Stephen Colbert’s Space Treadmill Ready for Blast Off

Can a Comedian Take Over the Space Station?
Comedian Stephen Colbert has urged viewers of "The Colbert Report" on Comedy Central to write-in his name for NASA's naming contest regarding a new space station module. (Image credit: Erin Patrice O'Brien/Comedy Central)

NASA is poisedto launch a new treadmill named for comedian Stephen Colbert to theInternational Space Station on the shuttle Discovery on Tuesday and at leastone astronaut has taken it for a test spin. But what's it like, running inspace?

AstronautSunita Williams, who lived aboard the space station for almost seven months in2007, ran a marathon in space during her trip, making her an expert of sorts onjoggingin orbit.

"I trieda COLBERTmockup at Johnson Space Center," Williams has said, adding that thetreadmill is broader than one on the station today. "So you don't have towatch out where your feet go. It allows a wider, more natural gait."

Still, it?sa strange experience, one in which sweat floats and your feet might, too.

The newtreadmill will launch alongside 15,200 pounds (6,894 kg) of new science gearand supplies. It will complement the space station's array of exerciseequipment that helps astronauts fight the bone loss and muscle decay associatedwith space travel.

Discoveryis slatedto launch Tuesday at 1:36 a.m. EDT (0536 GMT) from NASA?s Kennedy SpaceCenter in Florida to begin a 13-day mission to the International Space Station. any other name

Colbert'sname on the new machine is a consolation prize to the host of Comedy Central's"The Colbert Report" after his fans won aNASA poll to name the newest space station module earlier this year. Voterschose "Colbert" for the module, but NASA opted for the more staidmoniker "Tranquility," reserving "Colbert" for thetreadmill.

With bureaucraticflair, NASA managed to convert the name "Colbert" into a complexacronym: the device is officially titled the Combined Operational Load BearingExternal Resistance Treadmill - C.O.L.B.E.R.T.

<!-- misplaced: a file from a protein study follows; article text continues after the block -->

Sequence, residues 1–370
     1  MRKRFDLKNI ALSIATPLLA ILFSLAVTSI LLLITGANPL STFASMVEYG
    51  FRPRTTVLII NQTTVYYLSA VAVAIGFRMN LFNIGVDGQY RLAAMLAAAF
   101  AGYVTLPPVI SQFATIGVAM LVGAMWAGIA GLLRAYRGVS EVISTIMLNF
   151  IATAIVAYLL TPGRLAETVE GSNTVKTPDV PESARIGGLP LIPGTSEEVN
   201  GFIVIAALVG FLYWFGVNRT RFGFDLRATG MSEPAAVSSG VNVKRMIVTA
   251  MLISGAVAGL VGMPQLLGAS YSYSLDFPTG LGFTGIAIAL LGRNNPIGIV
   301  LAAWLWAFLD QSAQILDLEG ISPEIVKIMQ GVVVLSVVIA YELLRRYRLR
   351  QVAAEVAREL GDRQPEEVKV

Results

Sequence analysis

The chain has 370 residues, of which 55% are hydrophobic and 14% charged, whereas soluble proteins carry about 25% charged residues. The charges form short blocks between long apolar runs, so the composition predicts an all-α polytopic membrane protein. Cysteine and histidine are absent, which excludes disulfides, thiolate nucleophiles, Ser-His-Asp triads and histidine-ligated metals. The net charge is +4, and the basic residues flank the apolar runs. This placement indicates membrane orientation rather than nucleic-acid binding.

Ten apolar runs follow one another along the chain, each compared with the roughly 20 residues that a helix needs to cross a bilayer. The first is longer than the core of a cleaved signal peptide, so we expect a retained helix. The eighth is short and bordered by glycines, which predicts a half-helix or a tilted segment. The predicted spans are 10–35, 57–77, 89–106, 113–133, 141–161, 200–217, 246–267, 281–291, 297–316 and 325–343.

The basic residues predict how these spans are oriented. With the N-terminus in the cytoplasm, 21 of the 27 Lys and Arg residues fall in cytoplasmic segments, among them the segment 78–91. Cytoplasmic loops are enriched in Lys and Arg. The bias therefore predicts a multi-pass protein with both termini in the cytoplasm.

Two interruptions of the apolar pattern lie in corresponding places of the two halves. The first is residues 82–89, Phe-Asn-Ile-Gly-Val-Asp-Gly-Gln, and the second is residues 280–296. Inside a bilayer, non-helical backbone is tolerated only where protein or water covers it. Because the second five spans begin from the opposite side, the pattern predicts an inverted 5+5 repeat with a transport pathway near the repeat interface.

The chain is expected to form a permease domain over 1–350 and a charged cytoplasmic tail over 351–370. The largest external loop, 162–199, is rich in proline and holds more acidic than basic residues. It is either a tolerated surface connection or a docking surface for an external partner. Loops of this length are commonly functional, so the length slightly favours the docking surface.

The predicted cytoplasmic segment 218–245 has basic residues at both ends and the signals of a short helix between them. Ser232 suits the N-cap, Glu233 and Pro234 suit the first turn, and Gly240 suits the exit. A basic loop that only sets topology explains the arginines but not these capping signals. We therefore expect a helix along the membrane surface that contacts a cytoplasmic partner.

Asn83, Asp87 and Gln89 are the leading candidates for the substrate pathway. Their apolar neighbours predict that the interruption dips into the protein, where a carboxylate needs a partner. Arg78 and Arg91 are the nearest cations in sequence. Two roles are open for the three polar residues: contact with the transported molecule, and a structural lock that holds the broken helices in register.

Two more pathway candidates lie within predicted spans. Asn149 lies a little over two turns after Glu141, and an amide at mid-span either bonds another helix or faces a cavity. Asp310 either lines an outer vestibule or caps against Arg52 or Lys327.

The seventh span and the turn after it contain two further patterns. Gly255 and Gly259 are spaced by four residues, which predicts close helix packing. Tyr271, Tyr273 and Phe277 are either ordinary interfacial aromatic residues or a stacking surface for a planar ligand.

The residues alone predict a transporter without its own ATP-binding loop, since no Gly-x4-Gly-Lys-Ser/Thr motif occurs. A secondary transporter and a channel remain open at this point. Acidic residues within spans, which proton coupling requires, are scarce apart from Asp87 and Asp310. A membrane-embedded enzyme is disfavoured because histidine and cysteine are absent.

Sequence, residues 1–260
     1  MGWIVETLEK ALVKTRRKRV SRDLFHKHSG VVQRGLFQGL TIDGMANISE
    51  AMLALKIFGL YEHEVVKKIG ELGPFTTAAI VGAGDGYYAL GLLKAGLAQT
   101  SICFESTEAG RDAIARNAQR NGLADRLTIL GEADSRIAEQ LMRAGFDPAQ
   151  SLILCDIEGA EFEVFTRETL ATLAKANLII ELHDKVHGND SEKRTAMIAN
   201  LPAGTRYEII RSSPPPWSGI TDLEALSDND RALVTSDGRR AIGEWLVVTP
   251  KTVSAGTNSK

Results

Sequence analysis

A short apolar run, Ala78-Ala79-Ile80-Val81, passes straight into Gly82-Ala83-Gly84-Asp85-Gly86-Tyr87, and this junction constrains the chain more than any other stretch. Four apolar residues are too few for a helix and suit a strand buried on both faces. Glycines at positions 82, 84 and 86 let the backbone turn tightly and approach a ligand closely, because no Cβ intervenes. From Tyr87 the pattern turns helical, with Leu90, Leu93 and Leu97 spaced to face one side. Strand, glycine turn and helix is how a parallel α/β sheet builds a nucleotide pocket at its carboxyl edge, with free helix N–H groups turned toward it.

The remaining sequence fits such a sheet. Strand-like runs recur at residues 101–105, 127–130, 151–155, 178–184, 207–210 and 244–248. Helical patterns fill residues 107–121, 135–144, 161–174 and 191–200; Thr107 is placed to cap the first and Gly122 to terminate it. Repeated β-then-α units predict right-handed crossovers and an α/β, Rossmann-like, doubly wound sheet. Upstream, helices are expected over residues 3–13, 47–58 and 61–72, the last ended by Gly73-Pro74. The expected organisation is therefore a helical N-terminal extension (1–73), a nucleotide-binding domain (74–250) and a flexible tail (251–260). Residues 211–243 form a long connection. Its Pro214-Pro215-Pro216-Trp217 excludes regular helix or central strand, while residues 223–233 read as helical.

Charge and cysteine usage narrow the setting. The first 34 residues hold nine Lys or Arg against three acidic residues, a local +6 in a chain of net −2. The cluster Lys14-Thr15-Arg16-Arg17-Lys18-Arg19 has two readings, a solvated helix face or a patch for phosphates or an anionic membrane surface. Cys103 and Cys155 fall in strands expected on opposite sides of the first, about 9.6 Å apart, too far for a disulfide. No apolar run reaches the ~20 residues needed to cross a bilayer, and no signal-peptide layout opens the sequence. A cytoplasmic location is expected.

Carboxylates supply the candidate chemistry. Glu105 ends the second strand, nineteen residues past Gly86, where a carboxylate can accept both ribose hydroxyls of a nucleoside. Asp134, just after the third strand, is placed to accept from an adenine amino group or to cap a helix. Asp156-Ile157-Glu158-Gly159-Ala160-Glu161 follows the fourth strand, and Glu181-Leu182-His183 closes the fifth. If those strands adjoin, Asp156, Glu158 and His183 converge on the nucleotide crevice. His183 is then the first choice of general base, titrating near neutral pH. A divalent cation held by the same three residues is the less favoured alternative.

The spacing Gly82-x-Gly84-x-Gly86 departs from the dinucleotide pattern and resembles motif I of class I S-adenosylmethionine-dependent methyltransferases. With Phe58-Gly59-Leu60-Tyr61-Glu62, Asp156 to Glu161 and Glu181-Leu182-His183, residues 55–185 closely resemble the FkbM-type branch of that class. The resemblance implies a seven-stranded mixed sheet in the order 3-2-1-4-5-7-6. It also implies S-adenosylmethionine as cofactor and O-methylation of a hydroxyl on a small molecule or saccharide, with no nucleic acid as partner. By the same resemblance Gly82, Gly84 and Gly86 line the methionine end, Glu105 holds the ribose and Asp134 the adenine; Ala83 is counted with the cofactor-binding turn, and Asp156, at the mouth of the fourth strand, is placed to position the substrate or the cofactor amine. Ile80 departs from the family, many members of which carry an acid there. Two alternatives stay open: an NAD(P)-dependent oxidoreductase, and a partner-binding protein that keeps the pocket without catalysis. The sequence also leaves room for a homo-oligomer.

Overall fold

Discoverycommander Rick Sturckow said that he and his crew don?t plan to do much morethan deliver the treadmill, but he recognizes the popularity Colbert?s name mayadd to it, even if it came out of an online poll originally reserved for a newstation room.

?I think it?simportant to broaden NASA?s reach and pick up other audiences,? Sturckow saidin a recent interview. ?So if they want to have a contest to try and namesomething and that works into something else, and it wasn?t what it wasinitially started out to be?I still think that it?s a net gain for NASA.?

NASAinvited Colbert to watch Discovery launch his namesake into space, but he wasunable to attend. Instead, NASA will broadcast a television message fromColbert tonight on NASA TV.

COLBERT will be the secondtreadmill for the station's six-member crew. The one in place now, called theTreadmill with Vibration Isolation System - TVIS, allows astronauts to runwithout vibrating delicate microgravity science experiments in adjacent labs.

"Justgetting ready to run is a workout when you're weightless,? Williams said. ?Beforeall my training runs up there, I had to hook the toes of one foot under ahandrail to keep from floating around while I struggled to put my sock and shoeon my other foot."

The astronauts also have asimple solution to keeping their feet firmly planted while running in zerogravity: bungee cords. "You have to strap yourself to the treadmill,"Williams said.


In 2007,Williams effectively ranthe Boston Marathon on the space station's treadmill, wrapping herself inbungee cords for the 26.2-mile race. She missed the cheering crowds. "Inspace it's a little bit lonely," she said. But her crewmates rooted forher and floated slices of oranges to her while she ran.

Inside theclose, still quarters of the space station, there are also no gentle breezes.

"Sweat globs onto you.It doesn't evaporate," Williams said. "I was soaking wet. During themarathon my hair was so sopping it flopped right in my face. We have littlefans blowing on us but they don't do much good."

She recovered faster afterthe space marathon than she did after running on Earth. "When you'refloating, your muscles get to rest, so you can totally relax when you finishrunning - it's like being in a pool," she said.

But afterward she did notfeel the "endorphin effect," or runner's high that long-distanceefforts can provide. "I'm not sure why," she said. "We areloaded with only about 60 percent of our Earth weight on TVIS and its harnesssystem, so maybe I just didn't work hard enough."

After the run, Williamslonged for a hot shower. "A sponge bath just isn't the same!" shesaid. Neither did she have a washer and dryer for cleaning her sweat-soakedrunning clothes. "I hung my drenched clothes near a fan and tied mysneakers to a handrail to air them out."

SPACE.comwill provide complete coverage of Discovery's STS-128 mission to theInternational Space Station with Managing Editor Tariq Malik and Staff WriterClara Moskowitz. Click herefor shuttle mission updates and a link to NASA TV.


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